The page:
Tony is at the top of the academic manufacturing and machine tool research field, with all the advancement and possibility theoretically available to alleviate nearly every single issue within the entire global manufacturing industry, and here I am, just trying my best to keep up to date with industry advancements week by week and make some sense of it all.


I am the blueprint; Tony is the 3D model. I am the hand and the ear; Tony is the accelerometer and the computer. I’m just a small-town girl living in a lonely world; Tony’s just a city boy born and raised in South Detroit ... not really, but I hope I’ve got you singing, “Don’t Stop Believing”.


I came across an incredibly good blog from Sight Machine this week covering all aspects of digital manufacturing. There are too many worthwhile articles to reference, and honestly, they are so well written, I couldn’t do any better than just to say - go read them for yourself. However, one particular article seemed to address this industry disconnect which Tony and I discussed. 


Here’s a quote:

"In the old days, optimization efforts were largely based on hunches and guesswork, because manufacturers didn’t have a lot of experiential data to work with. IoT and other innovations have changed that. Today’s shop floors are teeming with sensors and other devices that acquire and transmit real-time readings on every aspect of production: temperatures, pressures, tolerances, ingredient mixes, the arrival of new parts, and so on. Input is abundant. But unfortunately, answers remain few and far between. Why is that still so?"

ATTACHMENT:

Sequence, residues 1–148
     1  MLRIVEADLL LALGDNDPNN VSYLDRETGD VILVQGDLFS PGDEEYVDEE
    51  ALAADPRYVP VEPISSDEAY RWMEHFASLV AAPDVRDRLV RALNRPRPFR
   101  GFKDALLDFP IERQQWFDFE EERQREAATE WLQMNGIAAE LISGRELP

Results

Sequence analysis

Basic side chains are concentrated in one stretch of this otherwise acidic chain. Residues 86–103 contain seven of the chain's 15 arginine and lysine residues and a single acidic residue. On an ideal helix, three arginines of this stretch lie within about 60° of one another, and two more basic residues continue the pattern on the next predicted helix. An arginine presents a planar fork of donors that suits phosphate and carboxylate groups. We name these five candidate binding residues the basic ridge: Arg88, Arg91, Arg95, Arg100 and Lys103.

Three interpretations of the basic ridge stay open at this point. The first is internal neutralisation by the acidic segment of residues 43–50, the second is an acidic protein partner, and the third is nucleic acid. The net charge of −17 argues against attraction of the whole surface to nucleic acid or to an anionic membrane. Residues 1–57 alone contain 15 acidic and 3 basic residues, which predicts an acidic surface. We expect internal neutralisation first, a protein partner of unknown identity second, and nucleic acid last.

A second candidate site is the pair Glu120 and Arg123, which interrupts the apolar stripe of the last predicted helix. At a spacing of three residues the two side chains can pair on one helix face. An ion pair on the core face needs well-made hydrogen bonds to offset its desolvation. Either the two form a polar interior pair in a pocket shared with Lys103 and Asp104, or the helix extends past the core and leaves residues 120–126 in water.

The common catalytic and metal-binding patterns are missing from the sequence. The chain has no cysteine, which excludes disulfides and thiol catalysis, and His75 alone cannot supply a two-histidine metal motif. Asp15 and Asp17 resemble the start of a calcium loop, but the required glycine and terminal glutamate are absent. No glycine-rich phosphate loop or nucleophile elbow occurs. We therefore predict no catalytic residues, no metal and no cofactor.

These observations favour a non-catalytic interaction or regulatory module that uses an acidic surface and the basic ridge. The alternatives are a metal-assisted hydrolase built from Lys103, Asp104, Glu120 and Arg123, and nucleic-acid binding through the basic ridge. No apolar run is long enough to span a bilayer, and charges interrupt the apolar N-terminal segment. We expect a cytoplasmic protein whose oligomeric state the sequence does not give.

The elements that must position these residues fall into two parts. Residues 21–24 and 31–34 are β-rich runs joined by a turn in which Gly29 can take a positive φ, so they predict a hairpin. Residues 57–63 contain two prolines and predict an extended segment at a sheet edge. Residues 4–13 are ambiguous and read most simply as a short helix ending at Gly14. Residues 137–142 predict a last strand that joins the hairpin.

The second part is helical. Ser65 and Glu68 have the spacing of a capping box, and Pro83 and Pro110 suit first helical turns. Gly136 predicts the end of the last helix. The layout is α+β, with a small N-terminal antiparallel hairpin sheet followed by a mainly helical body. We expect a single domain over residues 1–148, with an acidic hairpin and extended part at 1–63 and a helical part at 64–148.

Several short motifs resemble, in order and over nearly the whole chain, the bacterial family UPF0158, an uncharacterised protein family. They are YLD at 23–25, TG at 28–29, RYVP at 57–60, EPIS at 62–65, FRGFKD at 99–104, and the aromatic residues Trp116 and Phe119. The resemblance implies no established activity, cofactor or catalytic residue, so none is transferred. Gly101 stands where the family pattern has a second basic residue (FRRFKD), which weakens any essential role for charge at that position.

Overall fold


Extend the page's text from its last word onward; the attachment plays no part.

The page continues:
This takes me back to the original figure I mentioned to Tony, showing the three categories of data: prescriptive, predictive and descriptive. According to this week’s manufacturing news article from American Machinist, AI technologies are increasingly being embedded within every major enterprise software offering for manufacturers. 


The trouble is, manufacturing leaders also lack a unified system to orchestrate enormous information inflows. Traditional business software is structured around workflows, not data. This type of software is great at automating business processes, but not for analyzing factory data.


According to the Sight Machine article, software structured around data rather than workflows -- similar to the platforms pioneered by Google, Netflix, and Amazon -- can help create a digital twin of a shop’s entire production process: an end-to-end representation of all machines, materials, environmental inputs, and the complex relationships among them.  


Going back to me and Tony and our metaphorical representation of the manufacturing industry, after nearly 25 years of marriage, we know a lack of communication is at the heart of almost every one of our conflicts. Similarly, poor communication continues to be one of the biggest issues within our industry as well. 


While manufacturers continue to stockpile data for problem-solving and analytic decision making through IIoT and other means, unfortunately even when the data is applicable to a given problem, it’s often not in a form that makes it usable for analysis.


If only this problem could be solved with a fancy date night or weekend getaway. Sadly, there’s not much room for romance when we are talking about the manufacturing issues of our time.  


Sorry, Nick. 


However, don’t call the divorce lawyers either. This is a communications issue I believe will be solved with time. While there’s still some ground to cover, there’s equal commitment on both sides and progress is being made with each passing day. 


Don’t Stop Believing.